When my friend Bill sold his consulting business, he retired. But not really. A true creator/maker, his brain generates a ton of ideas on the regular. So much so, it was impossible for him to NOT keep inventing or thinking of new products or services.
So, he developed a system. Any time he thinks he has an especially worthy idea he writes it down and puts the slip of paper on his desk in a box. Because he is exceptionally wise and kind, many entrepreneurs and budding entrepreneurs seek out his advice. From time to time he will meet someone who he thinks matches one of his ideas and he reaches into his box and shares the idea. His only ask – that the recipient of his idea takes it and runs with it – doing everything they can to make that business or invention happen. If they promise to do that, he will jump right in and help them with their project or their business.
When I asked him why he was giving away all his ideas, he said, “Those ideas in my box are just slips of paper until someone decides to do something with them.”
More than one of my clients has told me, “I have more ideas than I can ever implement.”
I believe the entrepreneurial equivalent of ‘the road to hell is littered with good intentions’ is ‘the road to nowhere is strewn with great ideas never implemented.’
It is much easier to fall in love with the big idea than the path to making that idea real. And it’s easy to see why. When we read about other people’s businesses, so much time is spent on how the business was started or where the idea for the product came from. And then suddenly, it seems, we are at the point where the person or business is successful. The middle (or the work) is truncated like time lapse photography.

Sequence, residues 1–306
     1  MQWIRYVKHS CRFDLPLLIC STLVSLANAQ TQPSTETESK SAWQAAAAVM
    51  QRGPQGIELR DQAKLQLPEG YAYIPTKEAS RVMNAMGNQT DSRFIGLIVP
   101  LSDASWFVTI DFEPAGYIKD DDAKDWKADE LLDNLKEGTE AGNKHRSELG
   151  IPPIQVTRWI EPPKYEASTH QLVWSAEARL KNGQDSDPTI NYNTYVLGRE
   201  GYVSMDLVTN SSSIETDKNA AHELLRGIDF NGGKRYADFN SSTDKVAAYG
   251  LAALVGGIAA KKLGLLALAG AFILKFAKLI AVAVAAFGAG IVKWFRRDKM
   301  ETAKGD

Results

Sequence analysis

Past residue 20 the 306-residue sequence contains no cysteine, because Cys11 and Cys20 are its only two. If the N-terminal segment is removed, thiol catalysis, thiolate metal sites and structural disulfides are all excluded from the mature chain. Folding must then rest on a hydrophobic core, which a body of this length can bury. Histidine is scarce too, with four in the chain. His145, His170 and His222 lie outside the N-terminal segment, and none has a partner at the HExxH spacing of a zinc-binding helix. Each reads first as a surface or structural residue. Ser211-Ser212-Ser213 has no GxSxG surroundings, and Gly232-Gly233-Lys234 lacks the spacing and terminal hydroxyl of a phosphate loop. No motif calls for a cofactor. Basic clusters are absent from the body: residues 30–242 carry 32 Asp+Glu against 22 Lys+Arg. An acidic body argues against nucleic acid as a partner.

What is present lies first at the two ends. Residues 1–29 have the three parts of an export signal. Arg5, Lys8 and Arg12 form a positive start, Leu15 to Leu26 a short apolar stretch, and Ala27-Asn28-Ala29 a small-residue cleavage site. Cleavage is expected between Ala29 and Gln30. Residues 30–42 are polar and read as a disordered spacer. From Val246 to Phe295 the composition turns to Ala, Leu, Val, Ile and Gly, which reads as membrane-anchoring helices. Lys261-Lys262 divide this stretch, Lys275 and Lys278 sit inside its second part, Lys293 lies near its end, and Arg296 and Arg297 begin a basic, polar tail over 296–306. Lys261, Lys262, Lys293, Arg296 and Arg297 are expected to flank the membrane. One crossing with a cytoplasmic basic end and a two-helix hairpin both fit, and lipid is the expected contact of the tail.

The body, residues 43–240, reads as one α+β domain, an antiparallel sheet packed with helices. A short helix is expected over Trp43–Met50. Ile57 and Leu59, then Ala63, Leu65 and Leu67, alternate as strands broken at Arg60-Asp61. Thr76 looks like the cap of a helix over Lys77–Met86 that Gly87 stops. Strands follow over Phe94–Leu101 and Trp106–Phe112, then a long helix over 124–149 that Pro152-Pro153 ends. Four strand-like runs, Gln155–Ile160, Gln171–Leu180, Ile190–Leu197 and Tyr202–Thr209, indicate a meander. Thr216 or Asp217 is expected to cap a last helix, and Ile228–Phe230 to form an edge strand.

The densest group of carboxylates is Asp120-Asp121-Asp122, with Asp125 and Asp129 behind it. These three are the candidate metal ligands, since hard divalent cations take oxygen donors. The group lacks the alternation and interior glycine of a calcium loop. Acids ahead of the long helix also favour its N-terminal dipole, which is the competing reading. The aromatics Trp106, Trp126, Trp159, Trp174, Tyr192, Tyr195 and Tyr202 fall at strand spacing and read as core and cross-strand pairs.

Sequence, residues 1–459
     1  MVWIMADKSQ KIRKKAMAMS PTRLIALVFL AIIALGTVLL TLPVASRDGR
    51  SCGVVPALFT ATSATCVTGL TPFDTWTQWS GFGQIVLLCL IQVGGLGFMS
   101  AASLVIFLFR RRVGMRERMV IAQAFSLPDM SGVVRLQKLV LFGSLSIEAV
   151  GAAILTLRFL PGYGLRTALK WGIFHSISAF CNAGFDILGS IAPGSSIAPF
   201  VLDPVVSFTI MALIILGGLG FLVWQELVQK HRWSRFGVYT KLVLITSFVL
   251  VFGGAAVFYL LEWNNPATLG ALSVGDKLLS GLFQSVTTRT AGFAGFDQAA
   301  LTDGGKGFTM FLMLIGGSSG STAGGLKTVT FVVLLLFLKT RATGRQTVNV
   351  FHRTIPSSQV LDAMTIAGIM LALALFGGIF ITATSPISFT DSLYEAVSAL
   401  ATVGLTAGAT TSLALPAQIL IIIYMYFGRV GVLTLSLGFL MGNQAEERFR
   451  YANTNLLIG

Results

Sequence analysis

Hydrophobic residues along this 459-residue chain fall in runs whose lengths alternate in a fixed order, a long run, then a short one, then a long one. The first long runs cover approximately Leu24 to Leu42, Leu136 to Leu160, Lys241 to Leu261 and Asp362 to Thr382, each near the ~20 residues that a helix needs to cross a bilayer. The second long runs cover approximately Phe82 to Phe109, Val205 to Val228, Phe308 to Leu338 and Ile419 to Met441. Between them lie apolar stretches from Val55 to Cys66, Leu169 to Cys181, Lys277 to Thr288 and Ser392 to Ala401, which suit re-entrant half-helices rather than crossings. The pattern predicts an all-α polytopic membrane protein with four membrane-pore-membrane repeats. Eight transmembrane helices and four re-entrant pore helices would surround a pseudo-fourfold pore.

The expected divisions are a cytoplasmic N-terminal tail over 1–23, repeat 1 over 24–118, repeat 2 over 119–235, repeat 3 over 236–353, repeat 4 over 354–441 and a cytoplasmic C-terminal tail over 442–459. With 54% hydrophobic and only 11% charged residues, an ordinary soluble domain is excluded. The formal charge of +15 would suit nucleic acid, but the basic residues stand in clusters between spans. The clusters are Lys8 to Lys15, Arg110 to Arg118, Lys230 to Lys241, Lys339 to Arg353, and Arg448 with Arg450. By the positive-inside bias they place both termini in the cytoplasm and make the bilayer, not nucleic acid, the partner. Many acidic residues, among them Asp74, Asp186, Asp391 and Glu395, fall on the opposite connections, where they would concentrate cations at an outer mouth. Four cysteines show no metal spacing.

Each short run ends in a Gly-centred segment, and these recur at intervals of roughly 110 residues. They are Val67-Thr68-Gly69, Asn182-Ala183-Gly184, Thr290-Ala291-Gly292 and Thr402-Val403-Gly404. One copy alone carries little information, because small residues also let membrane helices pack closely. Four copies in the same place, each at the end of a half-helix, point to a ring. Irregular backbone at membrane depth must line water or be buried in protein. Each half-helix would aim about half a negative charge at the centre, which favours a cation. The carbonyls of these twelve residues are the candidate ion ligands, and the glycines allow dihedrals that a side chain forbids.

I love working with visionary leaders. It is truly fun to see their wheels churn and their ideas come to life. But often, once they “see it”, the excitement of making it actually happen goes away because they aren’t equally passionate about making it happen. Similarly, I think this is why they often become frustrated with their teams and the implementation process – the reality of making it happen rarely matches the vision they have in their head.
What if we embraced the “middle” – the part where we stumble and figure things out? What if we could find almost equal excitement and reward for the journey as well as the destination?
My friend Bill is a great example of having done this. His consulting business was not really all that extraordinary and yet he sold it at a premium. He was able to do that because he embraced the “middle” by documenting every aspect of his business and making it turnkey. The fact that he had a vision for where he wanted his business to grow didn’t deter him from doing some of the things he didn’t like, it actually encouraged him because he knew it would grow his business and allow him to generate MORE ideas.
My challenge to you is this – the next time you find yourself waning when you need to make something happen in your business, ask yourself a question. Is there just one way you could make that process a little more enjoyable or find more meaning in the journey? The journey doesn’t have to be a slog and the destination doesn’t need to be your only goal.
Have a great week!